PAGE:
Depression and anxiety both associate with serum level of hs-CRP: a gender- stratified analysis in a population-based study

Tayefi, Maryam, Shafiee, Mojtaba, Kazemi-Bajestani, Seyyed Mohammad Reza, Esmaeili, Habibolah, Darroudi, Susan, Khakpouri, Samaneh, Mohammadi, Maryam, Ghaneifar, Zahra, Azarpajouh, Mahmoud Reza, Moohebati, Mohsen, Heidari-Bakavoli, Alireza, Parizadeh, Mohammad Reza, Nematy, Mohsen, Safarian, Mohammad, Ebrahimi, Mahmoud, Ferns, Gordon A, Mokhber, Naghmeh and Ghayour-Mobarhan, Majid (2017) Depression and anxiety both associate with serum level of hs-CRP: a gender- stratified analysis in a population-based study. Psychoneuroendocrinology, 81. pp. 63-69. ISSN 0306-4530

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Abstract

Background: Depression and anxiety are two important mood disorders that are frequently associated with chronic diseases such as cardiovascular diseases (CVDs). Hyper-inflammation is related to both CVDs and psychological conditions such as depression and anxiety. Therefore, inflammation may partially explain the relationship between depression and cardiovascular disease.

Objective: The objective of this study was to perform a gender-stratified examination of the association between symptoms of depression/anxiety disorders and serum hs-CRP and inflammation linked conditions in a large Iranian population.

Methods: Symptoms of depression and anxiety disorders and serum hs-CRP levels were measured in 9759 participants (40% males and 60% females) aged 35–65 years, enrolled in a population-based cohort (MASHAD) study in north-eastern Iran. Symptoms of depression and anxiety were evaluated with Beck Depression and Anxiety Inventories. According to the scores of depression and anxiety, individuals were categorized into four groups of no or minimal, low, moderate and severe categories.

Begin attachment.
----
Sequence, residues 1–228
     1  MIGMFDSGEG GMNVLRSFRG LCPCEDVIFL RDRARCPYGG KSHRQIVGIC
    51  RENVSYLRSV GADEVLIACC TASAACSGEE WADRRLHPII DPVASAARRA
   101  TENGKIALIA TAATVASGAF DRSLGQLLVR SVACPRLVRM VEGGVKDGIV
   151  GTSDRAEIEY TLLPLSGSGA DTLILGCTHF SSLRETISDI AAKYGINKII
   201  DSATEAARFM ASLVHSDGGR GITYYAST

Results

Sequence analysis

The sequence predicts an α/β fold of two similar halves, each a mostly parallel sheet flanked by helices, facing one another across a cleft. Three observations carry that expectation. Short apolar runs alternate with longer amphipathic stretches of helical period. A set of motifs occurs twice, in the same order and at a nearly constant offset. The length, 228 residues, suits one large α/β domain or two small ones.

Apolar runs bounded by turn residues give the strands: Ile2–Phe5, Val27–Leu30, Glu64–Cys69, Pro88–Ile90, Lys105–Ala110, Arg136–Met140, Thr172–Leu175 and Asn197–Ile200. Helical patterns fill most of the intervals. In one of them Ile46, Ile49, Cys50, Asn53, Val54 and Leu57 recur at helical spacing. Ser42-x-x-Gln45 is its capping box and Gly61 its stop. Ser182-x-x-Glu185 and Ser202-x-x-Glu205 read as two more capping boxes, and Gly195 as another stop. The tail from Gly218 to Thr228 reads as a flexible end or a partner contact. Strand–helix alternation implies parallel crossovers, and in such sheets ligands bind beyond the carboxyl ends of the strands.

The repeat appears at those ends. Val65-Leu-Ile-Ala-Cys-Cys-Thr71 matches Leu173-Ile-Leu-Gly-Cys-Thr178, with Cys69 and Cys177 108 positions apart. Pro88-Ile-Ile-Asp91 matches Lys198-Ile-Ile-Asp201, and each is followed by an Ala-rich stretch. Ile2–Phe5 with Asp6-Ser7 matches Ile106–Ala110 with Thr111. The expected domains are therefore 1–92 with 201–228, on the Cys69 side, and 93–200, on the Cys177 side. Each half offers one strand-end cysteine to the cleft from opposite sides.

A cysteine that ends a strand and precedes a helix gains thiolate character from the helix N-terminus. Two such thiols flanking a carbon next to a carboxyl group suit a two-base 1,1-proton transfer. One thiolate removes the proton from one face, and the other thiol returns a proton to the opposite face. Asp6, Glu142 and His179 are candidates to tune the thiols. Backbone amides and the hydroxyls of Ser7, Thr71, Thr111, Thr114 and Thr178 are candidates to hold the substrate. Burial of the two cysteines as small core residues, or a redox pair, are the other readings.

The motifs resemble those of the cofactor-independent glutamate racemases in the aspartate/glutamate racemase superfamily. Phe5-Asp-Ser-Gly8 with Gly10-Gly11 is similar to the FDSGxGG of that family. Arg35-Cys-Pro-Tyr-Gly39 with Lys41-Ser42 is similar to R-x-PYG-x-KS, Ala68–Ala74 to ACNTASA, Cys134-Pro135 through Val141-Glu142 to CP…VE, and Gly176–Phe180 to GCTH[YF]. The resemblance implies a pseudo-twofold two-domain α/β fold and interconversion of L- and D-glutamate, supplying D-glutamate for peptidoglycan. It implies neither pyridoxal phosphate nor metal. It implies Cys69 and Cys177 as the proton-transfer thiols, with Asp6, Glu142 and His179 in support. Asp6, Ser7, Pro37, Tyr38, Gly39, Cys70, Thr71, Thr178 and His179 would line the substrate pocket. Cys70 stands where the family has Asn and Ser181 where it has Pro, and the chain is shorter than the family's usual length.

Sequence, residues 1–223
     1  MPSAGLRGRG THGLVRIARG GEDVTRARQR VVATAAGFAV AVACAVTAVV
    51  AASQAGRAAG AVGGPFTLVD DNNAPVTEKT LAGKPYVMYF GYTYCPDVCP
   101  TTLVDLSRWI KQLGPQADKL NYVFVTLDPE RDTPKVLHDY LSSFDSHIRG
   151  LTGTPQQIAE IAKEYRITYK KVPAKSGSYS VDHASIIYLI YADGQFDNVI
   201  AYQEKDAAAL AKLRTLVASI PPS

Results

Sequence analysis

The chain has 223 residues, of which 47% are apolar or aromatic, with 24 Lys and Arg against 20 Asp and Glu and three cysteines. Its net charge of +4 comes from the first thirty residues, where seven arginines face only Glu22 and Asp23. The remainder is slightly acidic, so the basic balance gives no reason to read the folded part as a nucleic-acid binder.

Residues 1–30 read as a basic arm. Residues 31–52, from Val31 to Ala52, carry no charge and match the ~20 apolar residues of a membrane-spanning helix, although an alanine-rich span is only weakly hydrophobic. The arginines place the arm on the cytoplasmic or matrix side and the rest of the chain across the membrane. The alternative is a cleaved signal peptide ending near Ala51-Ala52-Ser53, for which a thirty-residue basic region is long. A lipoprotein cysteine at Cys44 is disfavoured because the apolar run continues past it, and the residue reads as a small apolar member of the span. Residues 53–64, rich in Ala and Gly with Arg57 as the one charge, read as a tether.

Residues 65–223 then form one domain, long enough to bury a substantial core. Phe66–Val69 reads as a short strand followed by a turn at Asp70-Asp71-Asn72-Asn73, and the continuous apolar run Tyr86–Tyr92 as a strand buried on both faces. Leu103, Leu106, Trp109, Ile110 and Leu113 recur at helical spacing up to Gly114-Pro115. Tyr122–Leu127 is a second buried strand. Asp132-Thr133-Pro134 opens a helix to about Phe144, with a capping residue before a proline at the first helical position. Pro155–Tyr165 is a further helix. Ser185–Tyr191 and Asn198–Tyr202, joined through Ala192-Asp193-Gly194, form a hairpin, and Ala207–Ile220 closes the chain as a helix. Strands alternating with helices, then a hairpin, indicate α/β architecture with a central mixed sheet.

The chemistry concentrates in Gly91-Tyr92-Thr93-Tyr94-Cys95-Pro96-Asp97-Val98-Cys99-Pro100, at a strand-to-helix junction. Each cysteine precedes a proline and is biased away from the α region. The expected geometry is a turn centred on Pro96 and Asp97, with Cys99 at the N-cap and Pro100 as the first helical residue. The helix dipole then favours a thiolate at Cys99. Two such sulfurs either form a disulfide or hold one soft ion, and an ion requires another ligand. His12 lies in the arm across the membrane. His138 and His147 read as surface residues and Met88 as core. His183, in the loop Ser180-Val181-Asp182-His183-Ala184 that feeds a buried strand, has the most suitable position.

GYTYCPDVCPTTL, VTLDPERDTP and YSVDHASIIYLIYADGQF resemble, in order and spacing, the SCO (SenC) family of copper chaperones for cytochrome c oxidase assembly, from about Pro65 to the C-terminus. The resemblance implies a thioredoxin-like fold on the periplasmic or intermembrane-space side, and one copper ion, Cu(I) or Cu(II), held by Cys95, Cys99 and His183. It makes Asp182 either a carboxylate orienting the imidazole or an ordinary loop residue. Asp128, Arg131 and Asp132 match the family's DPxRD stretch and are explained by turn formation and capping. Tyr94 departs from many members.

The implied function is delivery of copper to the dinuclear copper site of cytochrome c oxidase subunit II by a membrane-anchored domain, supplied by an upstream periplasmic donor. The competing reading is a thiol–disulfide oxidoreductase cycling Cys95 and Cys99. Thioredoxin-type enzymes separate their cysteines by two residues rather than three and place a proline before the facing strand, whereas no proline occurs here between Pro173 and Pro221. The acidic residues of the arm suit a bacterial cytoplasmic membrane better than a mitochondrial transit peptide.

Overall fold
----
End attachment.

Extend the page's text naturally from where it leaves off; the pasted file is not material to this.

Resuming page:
Results: The median serum hs-CRP concentration increased with increasing severity of depression and anxiety disorders. Male participants with severe depression had significantly higher levels of hs-CRP (p < 0.001); however, this relationship was less marked among women (p = 0.04). Subjects with severe anxiety also had significantly higher levels of hs-CRP (p < 0.001). Moreover, women with severe depression and anxiety had higher BMI. There was also a positive association between current smoking habit and depression/anxiety disorders.

Conclusion: Depression and anxiety disorders are associated with elevated levels of hs-CRP, particularly among men. Also, there is a significant positive association between depression/anxiety disorders and inflammation linked conditions such as smoking and obesity; however, in the case of obesity this association is only present in women.

Item Type: Article
Keywords: High-sensitivity C-reactive protein, Inflammation, Obesity, Smoking, Depression Anxiety
Schools and Departments: Brighton and Sussex Medical School > Division of Medical Education
Depositing User: Gordon Ferns
Date Deposited: 08 May 2017 11:47
Last Modified: 15 Aug 2017 22:22
URI: http://sro.sussex.ac.uk/id/eprint/67720

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